Apotex Pty defeated Sanofi (SAN), France’s biggest drugmaker, in an Australian patent dispute over the rheumatoid arthritis drugs Arava and Arabloc, with the country’s highest court ruling for the first time on the patentability of medical treatments for humans.
The High Court of Australia said in a majority decision today that Apotex, a Canadian maker of generic drugs, didn’t infringe Sanofi’s patents. It overturned two lower court rulings that sided with the French drugmaker and blocked Apotex sales of generic copies in the country.
Sanofi’s patent, due to expire in March in Australia, on the compound leflunomide in the drugs is limited to treating or curing psoriasis, Justices Susan Crennan and Susan Kiefel wrote on behalf of the majority. Because Apotex proposed to use leflunomide in its generic copies of the drugs for the treatment of active rheumatoid arthritis and active psoriatic arthritis, it didn’t infringe the patent, the judges said.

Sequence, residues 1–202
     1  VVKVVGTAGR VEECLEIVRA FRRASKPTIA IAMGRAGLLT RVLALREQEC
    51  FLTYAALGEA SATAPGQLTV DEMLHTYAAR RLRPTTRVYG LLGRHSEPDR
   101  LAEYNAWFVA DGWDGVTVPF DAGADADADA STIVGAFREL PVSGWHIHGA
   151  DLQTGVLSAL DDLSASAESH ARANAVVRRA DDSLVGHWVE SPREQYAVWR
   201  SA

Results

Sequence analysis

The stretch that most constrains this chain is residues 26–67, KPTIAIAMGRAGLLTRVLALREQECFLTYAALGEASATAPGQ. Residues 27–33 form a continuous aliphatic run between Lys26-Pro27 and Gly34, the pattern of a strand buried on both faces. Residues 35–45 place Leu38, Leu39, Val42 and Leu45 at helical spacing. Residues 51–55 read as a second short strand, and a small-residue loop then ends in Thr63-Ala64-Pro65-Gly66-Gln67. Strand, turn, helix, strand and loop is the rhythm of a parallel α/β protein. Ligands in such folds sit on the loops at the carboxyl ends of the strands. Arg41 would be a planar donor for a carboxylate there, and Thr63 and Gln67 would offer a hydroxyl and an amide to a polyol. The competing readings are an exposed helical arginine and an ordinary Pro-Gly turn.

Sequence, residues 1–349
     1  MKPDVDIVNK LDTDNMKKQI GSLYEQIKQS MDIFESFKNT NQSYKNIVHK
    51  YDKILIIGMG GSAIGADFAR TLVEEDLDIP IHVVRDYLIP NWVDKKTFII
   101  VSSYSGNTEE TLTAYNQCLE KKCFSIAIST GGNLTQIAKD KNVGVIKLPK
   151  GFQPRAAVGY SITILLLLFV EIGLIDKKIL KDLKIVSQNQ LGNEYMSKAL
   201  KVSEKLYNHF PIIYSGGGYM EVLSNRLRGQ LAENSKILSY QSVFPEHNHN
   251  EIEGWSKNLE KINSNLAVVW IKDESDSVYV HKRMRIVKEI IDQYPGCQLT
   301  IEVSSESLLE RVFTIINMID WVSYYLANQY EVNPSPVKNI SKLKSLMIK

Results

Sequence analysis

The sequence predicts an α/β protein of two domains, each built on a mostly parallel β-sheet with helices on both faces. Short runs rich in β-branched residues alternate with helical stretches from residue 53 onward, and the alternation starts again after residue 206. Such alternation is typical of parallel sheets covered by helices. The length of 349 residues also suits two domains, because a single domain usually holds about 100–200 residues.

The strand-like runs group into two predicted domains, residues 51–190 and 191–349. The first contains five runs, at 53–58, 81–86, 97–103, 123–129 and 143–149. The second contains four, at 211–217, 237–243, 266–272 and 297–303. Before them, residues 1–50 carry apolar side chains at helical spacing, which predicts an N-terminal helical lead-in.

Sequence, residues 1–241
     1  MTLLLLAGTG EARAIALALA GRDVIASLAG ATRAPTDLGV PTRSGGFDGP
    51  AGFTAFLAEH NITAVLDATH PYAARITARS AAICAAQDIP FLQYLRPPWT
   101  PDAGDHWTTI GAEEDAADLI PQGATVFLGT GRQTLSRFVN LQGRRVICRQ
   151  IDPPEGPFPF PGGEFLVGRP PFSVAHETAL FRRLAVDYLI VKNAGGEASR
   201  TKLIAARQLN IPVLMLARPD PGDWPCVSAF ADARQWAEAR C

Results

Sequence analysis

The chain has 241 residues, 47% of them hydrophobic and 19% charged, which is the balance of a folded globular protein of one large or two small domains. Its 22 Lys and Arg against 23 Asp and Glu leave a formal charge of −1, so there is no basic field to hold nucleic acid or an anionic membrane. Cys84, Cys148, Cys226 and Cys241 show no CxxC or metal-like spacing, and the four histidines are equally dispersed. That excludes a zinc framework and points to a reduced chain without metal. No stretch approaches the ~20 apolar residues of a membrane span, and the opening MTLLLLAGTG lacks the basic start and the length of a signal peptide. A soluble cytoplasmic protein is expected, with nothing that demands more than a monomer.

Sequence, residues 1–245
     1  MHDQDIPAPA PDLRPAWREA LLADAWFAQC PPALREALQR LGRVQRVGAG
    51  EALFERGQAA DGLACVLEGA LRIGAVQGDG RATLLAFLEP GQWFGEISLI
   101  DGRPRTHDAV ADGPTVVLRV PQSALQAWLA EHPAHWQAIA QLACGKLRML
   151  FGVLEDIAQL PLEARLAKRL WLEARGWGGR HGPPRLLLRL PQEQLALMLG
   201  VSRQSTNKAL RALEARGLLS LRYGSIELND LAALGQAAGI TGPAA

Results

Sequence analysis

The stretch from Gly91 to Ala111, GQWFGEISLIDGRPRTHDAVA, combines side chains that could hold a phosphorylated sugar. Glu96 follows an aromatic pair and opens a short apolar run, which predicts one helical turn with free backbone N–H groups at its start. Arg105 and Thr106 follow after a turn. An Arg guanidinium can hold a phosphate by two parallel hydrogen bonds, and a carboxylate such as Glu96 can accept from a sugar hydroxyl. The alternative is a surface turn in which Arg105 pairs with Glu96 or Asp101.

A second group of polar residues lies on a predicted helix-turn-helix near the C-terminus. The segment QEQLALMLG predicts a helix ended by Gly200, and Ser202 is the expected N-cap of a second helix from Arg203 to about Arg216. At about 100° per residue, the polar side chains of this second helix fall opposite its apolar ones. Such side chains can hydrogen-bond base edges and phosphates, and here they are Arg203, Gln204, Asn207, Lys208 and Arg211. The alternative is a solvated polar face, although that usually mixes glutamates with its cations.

“It was not shown, nor could it be inferred, that Apotex had reason to believe that the unpatented pharmaceutical substance, which it proposes to supply, would be used by recipients in accordance with the patented method,” the judges said.
Apotex, based in Toronto, argued unsuccessfully that methods of medical treatment couldn’t be patented. Earlier laws and rulings had excluded such methods from patenting.
“This court has not had to decide the question until now,” Chief Justice Robert French wrote in his decision. “Whatever views may have held in the past, methods of medical treatment, particularly the use of pharmaceutical drugs, cannot today be conceived as ‘essentially non-economic.’”
Sanofi has competed with copycat versions of Arava in the U.S. since 2005, when Apotex and other generic drug manufacturers won U.S. Food and Drug Administration approval to sell their copies of the medicine.
The case is Apotex Pty v Sanofi-Aventis Australia Pty. S219/2012 and S1/2013. High Court of Australia (Canberra).
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